Wednesday, January 23, 2013

Teaching about a Crisis

Back in August, when the days were long and warm, Marion Orr from the Taubman Center for Public Policy at Brown University asked if I was interested in teaching a class in Crisis Management and Communications beginning in September.  I agreed, and it was a great experience.  I’m looking forward to doing it again.  The students were thoughtful and engaged, and the weekly preparation for class gave me a chance to make certain that the counsel I was giving clients was the newest – and best – advice I could give.

On the first day of class, I outlined the semester, my goals for the class, and my approach to crisis communications.

I happen to share the view that quite often a crisis can present real opportunities to make an organization better over the long term – and for individuals to shine.  My goal for the students, then, was to prepare them to  be able to contribute, and to distinguish themselves, in a crisis.

Here are my expanded notes from the rest of that first class, a very basic, initial “How To” when it comes to the communications of managing a crisis.

The Class in a Nutshell

Fill the vacuum
  • It’s not going away
You can decline to comment if you want, but burying your head in the sand with a “no comment” will not make it go away.  More likely, it will give other people an opening to define and characterize you – almost always a bad idea.  At our firm, we usually recommend that a client take the opportunity to safely define themselves quickly, then step back and consider their strategic options.
  • Minimize and mitigate
Getting a “good” story out of a crisis, in the immediate term, is an extreme rarity.  Usually, you’re stuck with the following options: “bad” and “worse”.  The goal, then, is to do your best in the merely “bad” range, then work to get out of the spotlight as quickly as possible.

Step back and think strategically
  • Get perspective – Step back and take a deep breath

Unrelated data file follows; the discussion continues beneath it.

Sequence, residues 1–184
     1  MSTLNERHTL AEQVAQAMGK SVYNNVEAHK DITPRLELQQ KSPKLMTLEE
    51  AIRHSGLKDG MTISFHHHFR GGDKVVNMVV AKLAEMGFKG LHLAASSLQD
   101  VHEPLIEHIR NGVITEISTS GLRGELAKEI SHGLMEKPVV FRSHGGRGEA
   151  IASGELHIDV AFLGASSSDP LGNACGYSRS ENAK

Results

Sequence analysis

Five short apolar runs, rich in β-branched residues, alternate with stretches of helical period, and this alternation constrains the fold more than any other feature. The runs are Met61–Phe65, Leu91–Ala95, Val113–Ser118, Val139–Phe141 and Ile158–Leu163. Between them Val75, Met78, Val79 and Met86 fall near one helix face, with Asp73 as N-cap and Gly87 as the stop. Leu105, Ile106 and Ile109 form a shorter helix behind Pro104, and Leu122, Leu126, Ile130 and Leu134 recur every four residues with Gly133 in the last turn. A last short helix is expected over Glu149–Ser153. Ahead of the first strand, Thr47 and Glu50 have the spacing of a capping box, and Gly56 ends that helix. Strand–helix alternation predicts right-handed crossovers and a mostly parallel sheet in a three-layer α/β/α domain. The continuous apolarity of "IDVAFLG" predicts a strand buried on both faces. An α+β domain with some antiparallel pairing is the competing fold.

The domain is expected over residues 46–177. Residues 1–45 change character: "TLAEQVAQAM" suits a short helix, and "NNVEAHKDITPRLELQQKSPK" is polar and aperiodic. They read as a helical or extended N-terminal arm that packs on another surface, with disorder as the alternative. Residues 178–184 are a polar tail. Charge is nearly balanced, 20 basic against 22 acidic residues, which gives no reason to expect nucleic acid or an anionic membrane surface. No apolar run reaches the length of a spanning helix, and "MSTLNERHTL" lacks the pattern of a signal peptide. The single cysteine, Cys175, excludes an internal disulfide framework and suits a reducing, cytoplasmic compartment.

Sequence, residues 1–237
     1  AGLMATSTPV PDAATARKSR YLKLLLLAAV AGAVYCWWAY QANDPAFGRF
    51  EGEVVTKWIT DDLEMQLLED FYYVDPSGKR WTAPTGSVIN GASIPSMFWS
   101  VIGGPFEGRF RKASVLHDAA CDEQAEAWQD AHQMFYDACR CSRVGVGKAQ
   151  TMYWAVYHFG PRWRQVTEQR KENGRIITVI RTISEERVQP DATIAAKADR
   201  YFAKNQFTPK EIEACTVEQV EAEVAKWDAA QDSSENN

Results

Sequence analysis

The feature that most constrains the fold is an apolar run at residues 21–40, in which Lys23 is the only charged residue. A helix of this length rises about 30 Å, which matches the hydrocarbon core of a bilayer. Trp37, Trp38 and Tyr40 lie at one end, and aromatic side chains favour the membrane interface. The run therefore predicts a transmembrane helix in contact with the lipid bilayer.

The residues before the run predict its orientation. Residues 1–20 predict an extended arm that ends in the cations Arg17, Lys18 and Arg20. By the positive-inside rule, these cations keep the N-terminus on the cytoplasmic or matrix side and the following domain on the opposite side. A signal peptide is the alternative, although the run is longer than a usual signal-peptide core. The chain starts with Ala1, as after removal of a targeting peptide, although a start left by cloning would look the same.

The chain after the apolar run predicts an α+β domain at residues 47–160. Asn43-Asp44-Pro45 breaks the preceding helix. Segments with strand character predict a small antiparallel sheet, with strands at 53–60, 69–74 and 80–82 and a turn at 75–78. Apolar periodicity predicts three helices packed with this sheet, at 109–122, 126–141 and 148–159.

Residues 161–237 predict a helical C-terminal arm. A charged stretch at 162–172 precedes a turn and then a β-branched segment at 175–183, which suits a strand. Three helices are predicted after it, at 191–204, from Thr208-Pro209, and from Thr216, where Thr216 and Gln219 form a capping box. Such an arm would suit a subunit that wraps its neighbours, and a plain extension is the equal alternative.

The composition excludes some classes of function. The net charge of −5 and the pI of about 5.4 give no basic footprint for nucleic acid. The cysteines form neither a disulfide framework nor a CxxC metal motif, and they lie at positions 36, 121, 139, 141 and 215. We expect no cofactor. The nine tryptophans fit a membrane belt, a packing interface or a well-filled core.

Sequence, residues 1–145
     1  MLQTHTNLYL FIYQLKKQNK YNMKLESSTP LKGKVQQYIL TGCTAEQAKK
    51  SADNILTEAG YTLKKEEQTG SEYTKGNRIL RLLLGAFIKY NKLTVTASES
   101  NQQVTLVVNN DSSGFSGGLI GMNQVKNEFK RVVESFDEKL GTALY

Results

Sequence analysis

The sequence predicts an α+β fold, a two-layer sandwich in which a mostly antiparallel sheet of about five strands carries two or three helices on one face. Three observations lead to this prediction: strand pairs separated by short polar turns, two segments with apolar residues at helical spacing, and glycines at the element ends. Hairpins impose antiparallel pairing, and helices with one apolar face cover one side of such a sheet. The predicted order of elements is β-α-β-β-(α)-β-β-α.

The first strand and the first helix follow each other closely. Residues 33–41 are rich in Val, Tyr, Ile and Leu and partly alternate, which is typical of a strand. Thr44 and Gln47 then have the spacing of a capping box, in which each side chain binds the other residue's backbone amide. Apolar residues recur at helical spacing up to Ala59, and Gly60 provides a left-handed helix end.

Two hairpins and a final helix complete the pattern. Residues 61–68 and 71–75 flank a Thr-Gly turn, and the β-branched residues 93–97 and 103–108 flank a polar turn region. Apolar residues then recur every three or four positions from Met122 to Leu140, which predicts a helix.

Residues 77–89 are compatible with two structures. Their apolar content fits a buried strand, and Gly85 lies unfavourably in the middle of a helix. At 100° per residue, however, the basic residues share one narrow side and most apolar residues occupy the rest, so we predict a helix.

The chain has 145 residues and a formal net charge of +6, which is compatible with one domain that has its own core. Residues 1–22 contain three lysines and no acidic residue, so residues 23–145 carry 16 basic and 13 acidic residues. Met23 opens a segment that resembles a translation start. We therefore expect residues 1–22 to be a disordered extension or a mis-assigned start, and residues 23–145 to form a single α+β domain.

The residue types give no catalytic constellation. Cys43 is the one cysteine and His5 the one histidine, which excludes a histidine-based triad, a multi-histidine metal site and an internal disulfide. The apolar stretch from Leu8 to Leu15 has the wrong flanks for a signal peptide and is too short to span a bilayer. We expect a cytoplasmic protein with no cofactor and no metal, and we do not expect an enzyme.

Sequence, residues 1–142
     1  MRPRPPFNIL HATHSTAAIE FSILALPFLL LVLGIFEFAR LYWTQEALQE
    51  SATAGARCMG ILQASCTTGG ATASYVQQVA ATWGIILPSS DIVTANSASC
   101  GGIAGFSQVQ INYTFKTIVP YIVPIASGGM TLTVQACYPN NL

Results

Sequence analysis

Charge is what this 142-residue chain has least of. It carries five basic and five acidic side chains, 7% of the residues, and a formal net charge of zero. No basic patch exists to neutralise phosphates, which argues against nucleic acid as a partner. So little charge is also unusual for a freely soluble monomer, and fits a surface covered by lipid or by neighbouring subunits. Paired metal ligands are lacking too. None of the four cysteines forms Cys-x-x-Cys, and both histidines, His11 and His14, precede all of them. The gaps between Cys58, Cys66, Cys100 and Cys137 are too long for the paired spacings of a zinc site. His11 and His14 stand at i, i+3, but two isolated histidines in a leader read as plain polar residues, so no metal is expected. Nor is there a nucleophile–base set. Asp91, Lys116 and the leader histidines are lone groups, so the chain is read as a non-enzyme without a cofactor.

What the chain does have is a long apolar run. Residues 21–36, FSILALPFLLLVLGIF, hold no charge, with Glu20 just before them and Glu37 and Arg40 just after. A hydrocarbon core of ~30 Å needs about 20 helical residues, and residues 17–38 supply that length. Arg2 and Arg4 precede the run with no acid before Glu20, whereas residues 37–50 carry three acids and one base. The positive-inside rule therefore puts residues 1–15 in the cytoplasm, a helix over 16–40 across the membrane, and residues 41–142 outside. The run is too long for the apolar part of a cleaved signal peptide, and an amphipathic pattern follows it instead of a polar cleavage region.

You may only have minutes to do this, but take the time to do so, because it’s important.  It’s amazing how many negative after effects of a crisis are self-inflicted.
  • Who’s the client?
When a person has done something wrong at an organization, human beings, being what they are, can sometimes be hard pressed to distinguish between the needs of the individual and the needs of the company.  Therefore, it’s important to determine whose interests are to be served.  Make sure this is clear in your mind, and in your approach.
  • How does this end?
Start addressing a crisis with an end in sight.  It makes it easier to get to a better ending, and return to the job of moving the organization forward.

Make your friends before you need them
  • Tell your story
Pro-active communications ahead of a crisis will pay enormous dividends when trouble hits.  Start today.
  • Carve out your real estate; have a presence; get some followers and talk to them
Not on Twitter and Facebook?  Get on. Now.  And get some followers.
  • Be a good citizen
Invite local officials for a tour.  Reach out to local reporters for a tour as well.  Engage in some strategic philanthropy with the community. Earn a reputation as one of the “good guys.”

Have a plan for the first 25%